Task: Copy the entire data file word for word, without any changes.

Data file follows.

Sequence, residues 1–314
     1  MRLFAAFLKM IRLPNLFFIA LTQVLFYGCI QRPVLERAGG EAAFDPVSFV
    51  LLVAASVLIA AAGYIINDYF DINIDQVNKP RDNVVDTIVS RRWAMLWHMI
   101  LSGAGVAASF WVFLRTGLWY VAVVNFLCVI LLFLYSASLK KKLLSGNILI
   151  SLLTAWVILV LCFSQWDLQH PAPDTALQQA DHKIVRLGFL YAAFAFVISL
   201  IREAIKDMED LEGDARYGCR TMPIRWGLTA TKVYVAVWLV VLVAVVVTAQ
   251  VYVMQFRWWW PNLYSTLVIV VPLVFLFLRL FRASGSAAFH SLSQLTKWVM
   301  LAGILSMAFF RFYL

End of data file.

Sequence, residues 1–314
     1  MRLFAAFLKM IRLPNLFFIA LTQVLFYGCI QRPVLERAGG EAAFDPVSFV
    51  LLVAASVLIA AAGYIINDYF DINIDQVNKP RDNVVDTIVS RRWAMLWHMI
   101  LSGAGVAASF WVFLRTGLWY VAVVNFLCVI LLFLYSASLK KKLLSGNILI
   151  SLLTAWVILV LCFSQWDLQH PAPDTALQQA DHKIVRLGFL YAAFAFVISL
   201  IREAIKDMED LEGDARYGCR TMPIRWGLTA TKVYVAVWLV VLVAVVVTAQ
   251  VYVMQFRWWW PNLYSTLVIV VPLVFLFLRL FRASGSAAFH SLSQLTKWVM
   301  LAGILSMAFF RFYL